Costco (NASDAQ: COST) breaking up with American Express (NYSE: AXP) last month wasn't a surprise, but it still raises the question of what took the big-box warehouse operator so long to part ways.
On Monday, Costco announced it signed an exclusive agreement with Citi (NYSE: C) to provide warehouse club members with Costco-branded Visa (NYSE: V) credit cards starting on April 1, 2016. Like their AmEx predecessor, the credit cards will also serve as the discount club's membership card while also providing members with significant reward opportunities. The exact nature of those benefits, however, weren't revealed.
A lopsided relationship
It's obvious what the benefits were to American Express for having an exclusive arrangement with Costco -- Costco cards account for 20% of the credit card processor's loans and 10% of its cards, according to BloombergBusiness -- what's not so clear is why the warehouse club was willing to seemingly limit itself by not previously having an agreement with either Visa or MasterCard (NYSE: MA) sooner.
With some 281.4 million cards in circulation, Visa has more than five times as many cards circulating than AmEx, which has less than 55 million cards outstanding.
Pinpointing a difference
While Costco does accept debit cards issued by Visa and MasterCard, they were of the sort that require a PIN number to be entered at the time of the transaction, versus signature debit cards that would have allowed members to sign for their purchases. Signature debit cards, however, far outnumber PIN cards by almost two to one.
Discover sued Visa last November for anti-competitive practices, alleging the payment processor is offering financial incentives to merchants that generate a lot of debit card sales to send all of their transactions to its Visa transaction processing network.
In reality, there were several benefits for Costco from having AmEx as its co-branding partner:
- Bounties paid to Costco for every new customer signed up.
- Fee rebates from AmEx.
- Revenue sharing for purchases made with the card outside of the warehouse.
- Increased spending benefits.
The breakup of the 16-year partnership occurred because Costco wanted even sweeter terms than AmEx was willing to pay.
The benefits of affluence
The typical Costco customer is more affluent than the one who shops at Wal-Mart (NYSE: WMT), and the increased sales were probably an attractive lure to keeping the partnership together for so long.
It had 42.5 million member households as of the end of November, but 77.5 million cardholders at the end of its fiscal first quarter. Executive members, Costco's highest level of membership, grew to 15.2 million, and although they represent a little more than a third of its membership base, they account for over two-thirds of its sales and operations.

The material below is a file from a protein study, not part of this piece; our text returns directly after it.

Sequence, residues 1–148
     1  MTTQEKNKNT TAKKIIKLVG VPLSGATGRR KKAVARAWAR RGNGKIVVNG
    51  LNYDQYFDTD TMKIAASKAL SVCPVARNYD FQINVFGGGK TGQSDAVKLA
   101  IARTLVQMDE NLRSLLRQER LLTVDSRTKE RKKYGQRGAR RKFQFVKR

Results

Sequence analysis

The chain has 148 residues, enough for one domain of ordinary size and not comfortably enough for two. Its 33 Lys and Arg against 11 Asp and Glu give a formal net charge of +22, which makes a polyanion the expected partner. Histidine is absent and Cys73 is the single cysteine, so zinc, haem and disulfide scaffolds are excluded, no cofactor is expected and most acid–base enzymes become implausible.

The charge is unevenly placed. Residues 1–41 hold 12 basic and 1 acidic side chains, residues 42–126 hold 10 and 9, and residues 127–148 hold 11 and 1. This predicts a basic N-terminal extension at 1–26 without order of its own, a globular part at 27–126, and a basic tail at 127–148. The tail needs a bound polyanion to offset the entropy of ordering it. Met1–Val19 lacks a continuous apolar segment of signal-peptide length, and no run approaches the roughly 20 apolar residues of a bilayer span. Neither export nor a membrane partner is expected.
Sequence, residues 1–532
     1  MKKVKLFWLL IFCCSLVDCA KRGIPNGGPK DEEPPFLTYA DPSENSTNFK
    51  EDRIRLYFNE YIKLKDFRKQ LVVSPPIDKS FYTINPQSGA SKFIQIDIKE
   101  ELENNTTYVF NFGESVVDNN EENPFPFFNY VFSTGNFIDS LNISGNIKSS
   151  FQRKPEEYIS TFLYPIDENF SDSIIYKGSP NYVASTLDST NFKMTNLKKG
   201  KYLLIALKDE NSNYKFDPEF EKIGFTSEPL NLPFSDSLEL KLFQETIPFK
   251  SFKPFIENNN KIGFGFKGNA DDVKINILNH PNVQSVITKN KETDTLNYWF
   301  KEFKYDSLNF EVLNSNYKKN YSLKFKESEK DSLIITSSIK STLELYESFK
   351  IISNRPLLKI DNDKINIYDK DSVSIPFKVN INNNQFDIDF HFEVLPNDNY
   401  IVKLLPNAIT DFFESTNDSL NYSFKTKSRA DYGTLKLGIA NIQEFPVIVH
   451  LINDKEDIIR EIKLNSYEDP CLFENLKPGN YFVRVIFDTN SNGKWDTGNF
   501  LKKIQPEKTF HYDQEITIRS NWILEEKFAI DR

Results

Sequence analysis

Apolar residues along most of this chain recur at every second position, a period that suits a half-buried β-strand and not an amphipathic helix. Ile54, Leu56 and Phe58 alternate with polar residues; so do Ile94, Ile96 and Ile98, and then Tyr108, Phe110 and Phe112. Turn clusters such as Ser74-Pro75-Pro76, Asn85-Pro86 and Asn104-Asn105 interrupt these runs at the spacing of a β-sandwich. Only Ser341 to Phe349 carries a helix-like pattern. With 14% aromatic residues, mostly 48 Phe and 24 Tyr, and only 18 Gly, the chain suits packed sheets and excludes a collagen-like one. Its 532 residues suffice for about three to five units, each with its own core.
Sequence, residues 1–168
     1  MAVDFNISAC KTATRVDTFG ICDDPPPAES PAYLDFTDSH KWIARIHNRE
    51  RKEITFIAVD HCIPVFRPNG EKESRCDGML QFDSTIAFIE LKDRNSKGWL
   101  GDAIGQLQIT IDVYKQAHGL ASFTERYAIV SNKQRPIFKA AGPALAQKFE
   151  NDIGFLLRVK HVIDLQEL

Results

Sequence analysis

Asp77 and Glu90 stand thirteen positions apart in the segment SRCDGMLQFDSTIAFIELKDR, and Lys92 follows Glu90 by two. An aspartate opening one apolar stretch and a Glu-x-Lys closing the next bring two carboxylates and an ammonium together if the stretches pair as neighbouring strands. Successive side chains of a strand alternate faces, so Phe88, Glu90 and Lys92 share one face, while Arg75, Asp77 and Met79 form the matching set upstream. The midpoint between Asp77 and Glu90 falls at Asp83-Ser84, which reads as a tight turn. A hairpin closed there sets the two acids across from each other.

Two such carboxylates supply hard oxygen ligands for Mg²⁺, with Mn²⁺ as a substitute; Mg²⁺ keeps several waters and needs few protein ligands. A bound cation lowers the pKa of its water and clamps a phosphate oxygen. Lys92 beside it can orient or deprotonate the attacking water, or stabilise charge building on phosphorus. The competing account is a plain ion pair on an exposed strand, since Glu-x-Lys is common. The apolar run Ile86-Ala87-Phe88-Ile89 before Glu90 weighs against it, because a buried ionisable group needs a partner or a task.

Costco's average shopper has an average annual income of $85,000 compared to the medium- to low-wage income earned by Wal-Mart's customers, which is reflected in how much each retailer pays it employees: The average Costco employee earns around $20 per hour versus the $12.83 per hour paid by Wal-Mart, and even the $12.20 per hour national average for retail employees.
Bigger, faster, stronger, better
Volume may trump size at this point. Sales at Costco have doubled over the past decade, growing from $52.9 billion in 2005 to $112.6 billion last year, an 8.75% compounded growth rate. Over more recent periods, however, the growth rate has been slightly below that average.
In its fiscal 2015 first-quarter report issued in December, net sales grew 5% year over year, but analysts are looking for 6% growth this year and 7% over the next two years. The new deal with Visa and Citi could allow Costco to cast its net more broadly and attract even new members.
The new co-branding agreement means any Visa card will be accepted at Costco, but Citi, which has most of its cards processed through MasterCard's network, may not make out as well since most of those cards won't be accepted at the warehouse club.
Maybe the end of the American Express relationship should have occurred sooner, but now that it's here, investors should see the new agreement pay dividends very soon.
Rich Duprey has no position in any stocks mentioned. The Motley Fool recommends American Express, Costco Wholesale, MasterCard, and Visa. The Motley Fool owns shares of Citigroup Inc, Costco Wholesale, Discover Financial Services, MasterCard, and Visa. Try any of our Foolish newsletter services free for 30 days. We Fools may not all hold the same opinions, but we all believe that considering a diverse range of insights makes us better investors. The Motley Fool has a disclosure policy.